‘I am going for a shower,’ John announces, scooping his washbag out of the top pocket of his backpack. He has to get out of here, just for a while. ‘Where’s the plumbing in this place, all in the cellar? Right. Back in fifteen. We can talk sensibly then.’

John marches off down the stone steps. He certainly does need a shower. He also needs to calm down, think about the question of whether and how to obtain firearms, shut up the part of his mind that’s going ‘Sex! Now! Sex!’ and work out what the hell he’s going to do about his flatmate (co-conspirator? fellow fugitive??) being back on bloody coke.

 

Sherlock

Sherlock paces around the tiny living area. Everything here is small; the room, Valletta, the island, the trifling challenge of finding one man. Yet he hasn’t done it. This place is more foreign than Vegas, and he doesn’t know its ways. When he finds Zagami, he’ll have to kill again, and he doesn’t want to do that. That’s why he has John. Is John glad to be here? Possibly not. It shouldn’t matter. Apparently it does. John is giving him curious looks.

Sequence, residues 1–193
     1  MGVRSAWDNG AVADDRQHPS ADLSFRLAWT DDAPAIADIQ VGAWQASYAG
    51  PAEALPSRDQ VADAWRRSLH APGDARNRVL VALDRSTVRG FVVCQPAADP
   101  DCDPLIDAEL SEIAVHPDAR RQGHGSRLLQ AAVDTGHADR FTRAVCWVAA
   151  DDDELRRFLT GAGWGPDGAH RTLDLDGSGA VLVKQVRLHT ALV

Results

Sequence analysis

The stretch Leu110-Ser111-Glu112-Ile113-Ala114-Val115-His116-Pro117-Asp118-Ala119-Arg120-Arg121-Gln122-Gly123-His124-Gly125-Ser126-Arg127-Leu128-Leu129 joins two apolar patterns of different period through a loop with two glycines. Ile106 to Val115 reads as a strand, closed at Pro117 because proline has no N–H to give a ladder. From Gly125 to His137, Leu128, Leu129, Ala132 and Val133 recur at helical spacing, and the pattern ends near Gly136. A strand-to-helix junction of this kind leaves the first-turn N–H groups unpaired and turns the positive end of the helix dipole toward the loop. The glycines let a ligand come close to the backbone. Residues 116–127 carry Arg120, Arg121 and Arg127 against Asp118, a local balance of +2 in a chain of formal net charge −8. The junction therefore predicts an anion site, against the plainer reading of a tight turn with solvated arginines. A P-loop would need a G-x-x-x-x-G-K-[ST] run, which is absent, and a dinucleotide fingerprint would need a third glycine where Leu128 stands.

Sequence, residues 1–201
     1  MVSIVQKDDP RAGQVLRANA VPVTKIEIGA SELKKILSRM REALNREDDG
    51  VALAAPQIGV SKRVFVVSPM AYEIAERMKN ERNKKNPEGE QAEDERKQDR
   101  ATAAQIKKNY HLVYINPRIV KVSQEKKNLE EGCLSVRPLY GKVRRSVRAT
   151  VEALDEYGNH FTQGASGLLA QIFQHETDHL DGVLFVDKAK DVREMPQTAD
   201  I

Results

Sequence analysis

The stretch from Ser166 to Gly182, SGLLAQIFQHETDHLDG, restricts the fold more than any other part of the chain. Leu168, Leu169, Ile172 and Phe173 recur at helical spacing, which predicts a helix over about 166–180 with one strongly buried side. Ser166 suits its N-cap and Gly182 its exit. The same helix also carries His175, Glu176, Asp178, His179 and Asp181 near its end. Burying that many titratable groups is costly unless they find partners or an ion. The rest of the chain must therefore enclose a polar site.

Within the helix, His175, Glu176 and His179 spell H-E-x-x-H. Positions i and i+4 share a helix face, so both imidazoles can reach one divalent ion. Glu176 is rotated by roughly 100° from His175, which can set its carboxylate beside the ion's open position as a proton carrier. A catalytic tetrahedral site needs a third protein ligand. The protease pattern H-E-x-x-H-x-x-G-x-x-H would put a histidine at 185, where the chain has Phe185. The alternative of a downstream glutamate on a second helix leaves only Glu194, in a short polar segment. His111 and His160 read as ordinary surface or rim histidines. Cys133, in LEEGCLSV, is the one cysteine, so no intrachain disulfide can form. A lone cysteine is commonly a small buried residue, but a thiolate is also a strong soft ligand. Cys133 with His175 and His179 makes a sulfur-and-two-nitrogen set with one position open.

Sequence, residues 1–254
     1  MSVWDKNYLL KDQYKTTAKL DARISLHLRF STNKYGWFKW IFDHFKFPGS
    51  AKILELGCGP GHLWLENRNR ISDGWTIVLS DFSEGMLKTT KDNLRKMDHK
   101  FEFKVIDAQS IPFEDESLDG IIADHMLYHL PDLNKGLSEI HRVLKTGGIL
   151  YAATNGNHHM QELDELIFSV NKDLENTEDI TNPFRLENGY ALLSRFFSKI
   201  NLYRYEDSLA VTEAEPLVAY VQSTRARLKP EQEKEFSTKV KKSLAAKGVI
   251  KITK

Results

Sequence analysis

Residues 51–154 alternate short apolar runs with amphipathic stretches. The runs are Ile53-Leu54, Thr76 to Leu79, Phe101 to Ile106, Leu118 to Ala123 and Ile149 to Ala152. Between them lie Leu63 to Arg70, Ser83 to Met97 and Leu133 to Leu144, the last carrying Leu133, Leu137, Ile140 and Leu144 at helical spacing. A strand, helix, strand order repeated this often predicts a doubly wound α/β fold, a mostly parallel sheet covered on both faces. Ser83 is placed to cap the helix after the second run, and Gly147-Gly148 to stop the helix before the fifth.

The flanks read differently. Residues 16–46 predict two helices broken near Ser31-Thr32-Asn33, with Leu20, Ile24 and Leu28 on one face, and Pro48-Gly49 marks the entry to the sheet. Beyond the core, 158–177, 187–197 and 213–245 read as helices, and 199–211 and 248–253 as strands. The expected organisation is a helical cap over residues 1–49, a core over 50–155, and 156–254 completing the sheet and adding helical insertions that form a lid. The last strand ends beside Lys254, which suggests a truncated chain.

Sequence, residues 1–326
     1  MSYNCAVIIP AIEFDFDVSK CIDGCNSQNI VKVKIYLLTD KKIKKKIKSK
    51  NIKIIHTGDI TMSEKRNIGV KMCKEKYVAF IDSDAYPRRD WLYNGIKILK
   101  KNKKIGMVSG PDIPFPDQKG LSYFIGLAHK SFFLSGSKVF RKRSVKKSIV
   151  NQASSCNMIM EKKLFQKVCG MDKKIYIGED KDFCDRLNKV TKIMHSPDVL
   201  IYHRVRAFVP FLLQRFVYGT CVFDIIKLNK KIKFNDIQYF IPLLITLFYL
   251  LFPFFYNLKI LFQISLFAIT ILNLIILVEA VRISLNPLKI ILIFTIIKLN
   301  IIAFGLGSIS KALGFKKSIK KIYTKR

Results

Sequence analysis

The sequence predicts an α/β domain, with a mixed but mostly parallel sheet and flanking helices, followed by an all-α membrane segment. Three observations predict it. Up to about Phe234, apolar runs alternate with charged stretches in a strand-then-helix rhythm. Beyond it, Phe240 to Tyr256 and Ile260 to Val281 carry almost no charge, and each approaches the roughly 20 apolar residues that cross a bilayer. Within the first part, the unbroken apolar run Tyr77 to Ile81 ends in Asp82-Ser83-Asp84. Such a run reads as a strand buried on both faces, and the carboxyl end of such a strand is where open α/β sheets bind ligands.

If there is something wrong, if his mind – his mind! – previously slipped a notch under pressure, then now he is reasserting control. He has felt transcendent, glorious, and that energy is still with him, albeit black and wild now, ever fiercer. Tar-thick, choking, a simultaneous electric intensity beyond the heights of cocaine and still building. It is a joy to see John again. Sherlock kissed him, they remade the world, but still the pressure in his head is winding tighter. He will crack – no. He will think. If for some reason his intellectual self-control failed in Vegas, then he has it back now.

This ancient chamber bears the traces of a hundred lives, so Sherlock scans the walls, putting himself through the trifling exercise of reading the crises and mundanities scarred into the stone. That done, and his point proven, his mind is a little quieter. Whatever is happening to him, be it delayed shock or a petty stress reaction, it is not all-consuming.

He hoists John’s backpack onto the sofa and rifles through it. He needs John, for more than just loaded glances. John will hold him, John will hurt him and distract him and yes, Sherlock wants to be good for John too. The last four months were clearly not enjoyable for his friend. That was partially Sherlock’s doing.